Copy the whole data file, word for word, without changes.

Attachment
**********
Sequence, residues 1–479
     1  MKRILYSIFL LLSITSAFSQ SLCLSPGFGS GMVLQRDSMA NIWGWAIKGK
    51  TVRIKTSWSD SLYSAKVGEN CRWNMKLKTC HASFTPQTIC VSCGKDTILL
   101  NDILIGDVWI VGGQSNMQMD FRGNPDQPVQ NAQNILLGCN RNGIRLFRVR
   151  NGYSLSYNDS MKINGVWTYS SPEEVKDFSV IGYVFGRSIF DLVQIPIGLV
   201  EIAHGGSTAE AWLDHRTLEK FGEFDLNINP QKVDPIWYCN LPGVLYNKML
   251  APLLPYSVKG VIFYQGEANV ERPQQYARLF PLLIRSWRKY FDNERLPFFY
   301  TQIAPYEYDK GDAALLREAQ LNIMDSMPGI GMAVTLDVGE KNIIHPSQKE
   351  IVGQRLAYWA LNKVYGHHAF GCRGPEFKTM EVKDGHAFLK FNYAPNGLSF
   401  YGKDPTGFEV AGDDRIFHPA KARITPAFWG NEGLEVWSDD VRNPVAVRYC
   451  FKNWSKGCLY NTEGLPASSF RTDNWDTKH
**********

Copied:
Sequence, residues 1–479
     1  MKRILYSIFL LLSITSAFSQ SLCLSPGFGS GMVLQRDSMA NIWGWAIKGK
    51  TVRIKTSWSD SLYSAKVGEN CRWNMKLKTC HASFTPQTIC VSCGKDTILL
   101  NDILIGDVWI VGGQSNMQMD FRGNPDQPVQ NAQNILLGCN RNGIRLFRVR
   151  NGYSLSYNDS MKINGVWTYS SPEEVKDFSV IGYVFGRSIF DLVQIPIGLV
   201  EIAHGGSTAE AWLDHRTLEK FGEFDLNINP QKVDPIWYCN LPGVLYNKML
   251  APLLPYSVKG VIFYQGEANV ERPQQYARLF PLLIRSWRKY FDNERLPFFY
   301  TQIAPYEYDK GDAALLREAQ LNIMDSMPGI GMAVTLDVGE KNIIHPSQKE
   351  IVGQRLAYWA LNKVYGHHAF GCRGPEFKTM EVKDGHAFLK FNYAPNGLSF
   401  YGKDPTGFEV AGDDRIFHPA KARITPAFWG NEGLEVWSDD VRNPVAVRYC
   451  FKNWSKGCLY NTEGLPASSF RTDNWDTKH